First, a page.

A spokesman for incoming premier Pauline Marois gave the confirmation Tuesday, one day after the first public screening of a new film on the reactor that raises questions about its safety for people living nearby.
The government of outgoing Premier Jean Charest decided in 2008 to rebuild the Gentilly-2 nuclear plant at a cost of about $2 billion, but stopped work after the Fukushima disaster in Japan in 2011.
The PQ has committed since 2009 to close the generating station, which is located in Bécancour, Que., across the St. Lawrence River from Trois-Rivières.
A decision had to be made by the end of this year, when Gentilly-2's operating licence runs out.
The reactor has been in commercial operation since 1983, and refurbishing it could extend that by up to 30 years.
But the costs would be steep. Only two other Candu-6 nuclear reactors have ever been refurbished. The first, New Brunswick's Point Lepreau generating station, was supposed to take 18 months but suffered three years of delays and more than $1 billion in cost overruns, and still isn't back online.
Film raises health questions
There are also concerns about the health effects of the Quebec reactor.
The film Gentilly Or Not To Be, which screened in Trois-Rivières on Monday night and has its official premiere Tuesday night in Montreal, cites data from the Mauricie and Central Quebec public-health authority showing an increase in tumours in people under age 20 living in Cap-de-la-Madeleine, a Trois-Rivières community 13 kilometres upriver from the nuclear plant.
The film also presents a German study of people living within five kilometres of nuclear reactors, who have twice the normal rate of childhood leukemia cases.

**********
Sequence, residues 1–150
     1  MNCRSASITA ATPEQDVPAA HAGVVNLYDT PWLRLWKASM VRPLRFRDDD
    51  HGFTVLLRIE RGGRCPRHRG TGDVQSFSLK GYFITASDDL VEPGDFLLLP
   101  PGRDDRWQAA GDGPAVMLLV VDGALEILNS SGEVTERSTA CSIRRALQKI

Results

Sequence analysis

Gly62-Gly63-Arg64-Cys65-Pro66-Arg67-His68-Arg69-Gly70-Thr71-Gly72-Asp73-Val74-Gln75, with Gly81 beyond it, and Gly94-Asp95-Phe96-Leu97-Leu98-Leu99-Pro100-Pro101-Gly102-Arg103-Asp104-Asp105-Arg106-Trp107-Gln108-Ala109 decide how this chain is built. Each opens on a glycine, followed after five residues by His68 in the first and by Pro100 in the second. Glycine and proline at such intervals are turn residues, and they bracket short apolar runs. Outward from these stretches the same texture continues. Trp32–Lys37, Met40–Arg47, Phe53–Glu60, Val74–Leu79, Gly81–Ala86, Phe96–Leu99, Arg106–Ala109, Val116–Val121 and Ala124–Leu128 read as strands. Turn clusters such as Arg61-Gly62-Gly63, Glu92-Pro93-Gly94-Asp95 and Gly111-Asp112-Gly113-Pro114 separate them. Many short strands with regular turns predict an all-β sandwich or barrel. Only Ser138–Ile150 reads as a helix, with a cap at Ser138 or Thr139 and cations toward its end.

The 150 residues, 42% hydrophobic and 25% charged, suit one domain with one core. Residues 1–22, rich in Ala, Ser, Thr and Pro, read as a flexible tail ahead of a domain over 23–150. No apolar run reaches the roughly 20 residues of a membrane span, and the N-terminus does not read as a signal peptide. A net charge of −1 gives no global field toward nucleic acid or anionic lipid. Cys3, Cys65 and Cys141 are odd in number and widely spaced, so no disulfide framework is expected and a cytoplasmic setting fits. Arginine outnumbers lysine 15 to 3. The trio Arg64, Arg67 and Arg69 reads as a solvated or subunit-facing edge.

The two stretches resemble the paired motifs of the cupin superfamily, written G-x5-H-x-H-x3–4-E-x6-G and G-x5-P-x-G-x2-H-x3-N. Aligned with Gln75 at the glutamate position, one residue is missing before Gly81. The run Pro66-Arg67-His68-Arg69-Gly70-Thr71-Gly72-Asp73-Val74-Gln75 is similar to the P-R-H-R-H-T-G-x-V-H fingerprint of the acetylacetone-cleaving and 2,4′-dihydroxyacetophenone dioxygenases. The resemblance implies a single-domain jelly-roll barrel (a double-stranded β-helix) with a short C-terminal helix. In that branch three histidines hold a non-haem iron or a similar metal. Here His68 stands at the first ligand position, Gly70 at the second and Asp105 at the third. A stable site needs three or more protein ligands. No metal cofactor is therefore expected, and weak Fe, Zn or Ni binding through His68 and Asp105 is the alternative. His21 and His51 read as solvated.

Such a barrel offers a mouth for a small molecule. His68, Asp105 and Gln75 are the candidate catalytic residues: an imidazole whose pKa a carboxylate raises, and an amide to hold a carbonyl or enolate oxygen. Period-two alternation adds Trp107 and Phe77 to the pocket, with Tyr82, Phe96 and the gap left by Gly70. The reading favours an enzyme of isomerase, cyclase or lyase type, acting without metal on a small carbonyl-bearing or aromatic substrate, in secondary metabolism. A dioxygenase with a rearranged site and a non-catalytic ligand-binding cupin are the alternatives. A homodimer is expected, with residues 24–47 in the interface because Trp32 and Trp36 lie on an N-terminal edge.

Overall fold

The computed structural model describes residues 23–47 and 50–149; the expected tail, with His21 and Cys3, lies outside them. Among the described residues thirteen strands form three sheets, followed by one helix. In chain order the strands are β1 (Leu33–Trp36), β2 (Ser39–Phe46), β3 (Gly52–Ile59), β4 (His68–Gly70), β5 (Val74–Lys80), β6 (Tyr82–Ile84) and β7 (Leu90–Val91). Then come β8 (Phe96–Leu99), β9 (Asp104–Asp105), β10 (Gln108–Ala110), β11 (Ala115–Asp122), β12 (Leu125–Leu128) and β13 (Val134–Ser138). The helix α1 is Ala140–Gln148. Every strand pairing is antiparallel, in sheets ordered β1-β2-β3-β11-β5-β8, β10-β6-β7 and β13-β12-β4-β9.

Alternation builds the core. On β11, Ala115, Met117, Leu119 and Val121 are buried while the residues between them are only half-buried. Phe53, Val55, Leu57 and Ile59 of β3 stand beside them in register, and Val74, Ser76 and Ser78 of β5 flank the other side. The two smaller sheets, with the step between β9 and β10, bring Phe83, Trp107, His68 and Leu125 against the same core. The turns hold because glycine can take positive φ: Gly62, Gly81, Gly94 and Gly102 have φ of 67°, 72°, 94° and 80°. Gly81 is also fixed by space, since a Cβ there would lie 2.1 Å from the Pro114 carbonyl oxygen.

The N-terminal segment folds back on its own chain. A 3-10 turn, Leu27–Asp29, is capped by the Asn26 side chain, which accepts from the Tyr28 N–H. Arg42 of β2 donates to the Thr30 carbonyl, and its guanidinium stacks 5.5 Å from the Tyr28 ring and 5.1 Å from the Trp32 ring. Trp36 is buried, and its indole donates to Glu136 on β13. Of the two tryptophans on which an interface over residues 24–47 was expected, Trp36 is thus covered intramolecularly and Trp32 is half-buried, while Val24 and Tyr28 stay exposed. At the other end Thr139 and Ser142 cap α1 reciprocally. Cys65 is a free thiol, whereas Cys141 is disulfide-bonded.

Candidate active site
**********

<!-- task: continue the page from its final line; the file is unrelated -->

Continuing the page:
"There's various interpretations of the studies. What we wanted to do in the film is show these divergent interpretations," the film's co-director, Guylaine Maroist, said.
Gilles W. Grenier, a physician and the director of public health for Mauricie and Central Quebec, said the German study shows a correlation but not a conclusive causal link between the nuclear plants and the cancer cases. Other research in France and Britain doesn't bear out that there are higher cancer rates in areas surrounding reactors, he said.
Hydro-Québec's tally of the total radioactivity emitted by Gentilly-2 puts it at about one per cent of the background level in nature, Grenier said, which is 100,000 times less than the amount that would cause serious problems.
"We've been monitoring cancer rates and birth-defect rates for 20 years in a 20-kilometre radius around the reactor, and in all that period, in the zone from five to 10 kilometres out, we've never seen a rise in cancer cases against the Quebec average," Grenier said.
"That said, for two years, outside the 10-kilometre zone, in the Cap-de-la-Madeleine area, we saw a brief increase that then went back down. So at this time, we can't say there's been a rise in leukemia cases."
Refurbishing Gentilly-2 is another story, however, because the reactor's internal components would be removed and replaced. Anti-nuclear activists say that poses a heightened risk.
"The structural materials that are removed from the reactor are going to in fact themselves be highly radioactive, and they will remain dangerous for thousands of years," said Gordon Edwards, president of the Canadian Coalition for Nuclear Responsibility. "There isn't in Quebec a provision for what to do with these, where they're going to go."
The vast majority of Quebec's electricity, nearly 95 per cent, comes from hydro power. Gentilly-2 has an output of 635 megawatts — about 1.5 per cent of Quebec's total capacity — and generates around three per cent of the province's electricity.
"The ultimate question," filmmaker Maroist said, "is do we need this energy?"